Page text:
I’m impressed at how much research many writers undertake in order to ensure authenticity in their novels. I recently read a series of blog posts by Carla Gade who, in preparation for the writing of a colonial novella, attended a historical society’s presentation on “Dressing a Colonial Lady.”  There is far more to a colonial lady’s wardrobe than I ever imagined!

There can be hours spent online and in libraries gathering details for historical novels. And there is the travelling — sometimes extensive trips such as the ones to Britain taken by authors Diana Gabaldon and Jack Whyte.

Not every writer goes to that length, of course, and some “write what they know” and don’t do research at all.

What about you? If it’s required, how do you handle the research in preparation for your writing?

~

Research and Writing – Part 2, coming on Friday.

Brushing Elbows With SiWC

Surrey1This is THE weekend — the Surrey International Writers’ Conference is underway. I’m not a delegate this year but was there today as a volunteer to help staff a trade table for the Federation of BC Writers. As people drifted past or stopped to chat I was struck with a sense of belonging. I’ve attended before and everything was so familiar.

Surrey2When my task was done I reeeealy wanted to join the stream of hungry writers heading into the ballroom for dinner and tonight’s keynote speaker, Anthony Dalton, and then stay on for Michael Slade‘s infamous Shock Theatre presentation with Diana Gabaldon, Anne Perry, Jack Whyte and, of course, kc dyer. Instead, I left for home. My turn as a delegate comes up again next year. Not until next year…. ::sigh::

Goodbye Summer Reading, Hello Fall Gardening

Just one more day! Yikes! Can I finish all the things I wanted to do this summer in the one day that’s left before autumn arrives on Tuesday? I doubt it. The one thing I have accomplished, however, is meeting my summer reading goal. Challenged by Jennifer Hubbard to read ten books by September 21st, I’ve read twelve:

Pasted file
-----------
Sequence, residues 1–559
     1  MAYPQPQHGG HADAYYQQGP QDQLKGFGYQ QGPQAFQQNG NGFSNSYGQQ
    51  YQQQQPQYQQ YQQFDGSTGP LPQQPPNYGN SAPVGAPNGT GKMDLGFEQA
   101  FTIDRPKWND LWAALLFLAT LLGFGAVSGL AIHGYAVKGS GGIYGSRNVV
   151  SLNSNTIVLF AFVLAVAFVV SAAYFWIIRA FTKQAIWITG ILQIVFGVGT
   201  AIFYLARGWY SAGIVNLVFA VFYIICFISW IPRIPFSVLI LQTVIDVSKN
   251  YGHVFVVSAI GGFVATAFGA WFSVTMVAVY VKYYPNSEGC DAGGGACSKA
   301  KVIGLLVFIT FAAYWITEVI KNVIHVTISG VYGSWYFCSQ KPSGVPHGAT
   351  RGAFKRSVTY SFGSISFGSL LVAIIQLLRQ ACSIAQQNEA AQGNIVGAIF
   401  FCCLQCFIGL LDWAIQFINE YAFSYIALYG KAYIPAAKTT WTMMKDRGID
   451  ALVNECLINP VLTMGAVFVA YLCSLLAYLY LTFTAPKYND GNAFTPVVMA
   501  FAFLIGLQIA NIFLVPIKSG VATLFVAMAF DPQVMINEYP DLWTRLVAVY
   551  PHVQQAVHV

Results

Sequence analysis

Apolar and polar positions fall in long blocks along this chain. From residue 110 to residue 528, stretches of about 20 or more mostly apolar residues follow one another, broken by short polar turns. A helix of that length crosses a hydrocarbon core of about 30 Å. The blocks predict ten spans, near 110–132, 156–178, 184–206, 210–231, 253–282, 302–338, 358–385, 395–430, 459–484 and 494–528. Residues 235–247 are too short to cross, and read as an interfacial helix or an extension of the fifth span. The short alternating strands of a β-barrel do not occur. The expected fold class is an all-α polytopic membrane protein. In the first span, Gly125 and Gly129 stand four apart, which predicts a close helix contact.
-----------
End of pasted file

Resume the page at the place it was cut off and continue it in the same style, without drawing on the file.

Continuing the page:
1. A Sweetness to the Soul – Jane Kirkpatrick
  2. Northern Lights – Nora Roberts
  3. Outlander – Diana Gabaldon
  4. The Bancroft Strategy – Robert Ludlum
  5. Whiteout – Ken Follett
  6. Through the Valley of the Shadow – Rod Gehl
  7. Black Hills – Nora Roberts
  8. Beyond the Vows – Ed Griffin
  9. Fury of the Wind – Doris Riedweg
  10. I Luff You B.C. – Jan Drabek
  11. Word Work – Bruce Holland Rogers
  12. 6th Target – James Patterson/Maxine Paetro

My desire was to read a wider variety than is my norm. My out-of-genre choice was the first book in Diana Gabaldon’s “Outlander” series.  Anything even faintly paranormal usually doesn’t interest me but I’ve met Diana at writers’ conferences and was curious about her writing style. I surprised myself by being totally caught up in Jamie and Claire’s across-the-centuries story and Diana’s captivating prose. I am now a convert and am just delving into the second in the series, “Dragonfly in Amber”.

But as summer fades so, too, do the flowers in our garden beds and there is a staggering amount of deadheading, weeding and cutting back of perenniels confronting me every time I glance out the window. Garden or read? Read or garden? Oh, what to do? Surely the gardening can wait another day while I luxuriate in one last summertime read. Of course it can!

Keep Doin’ It

There’s nothing complicated about finding one’s way onto the road to success. At least, not for NY Times best-selling author Diana Gabaldon. In her interview with Dee-Ann Leblanc on the “Freelance Survivor” website she was asked for her most important piece of advice:

 

          “Keep doin’ it.  Not only do you get better at something, the more you do it—persistence is the single most important aspect of success.”

 

It’s not complicated, but it’s profound in its simplicity and truth. Just “keep doin’ it.”

 

I am, Diana. I am.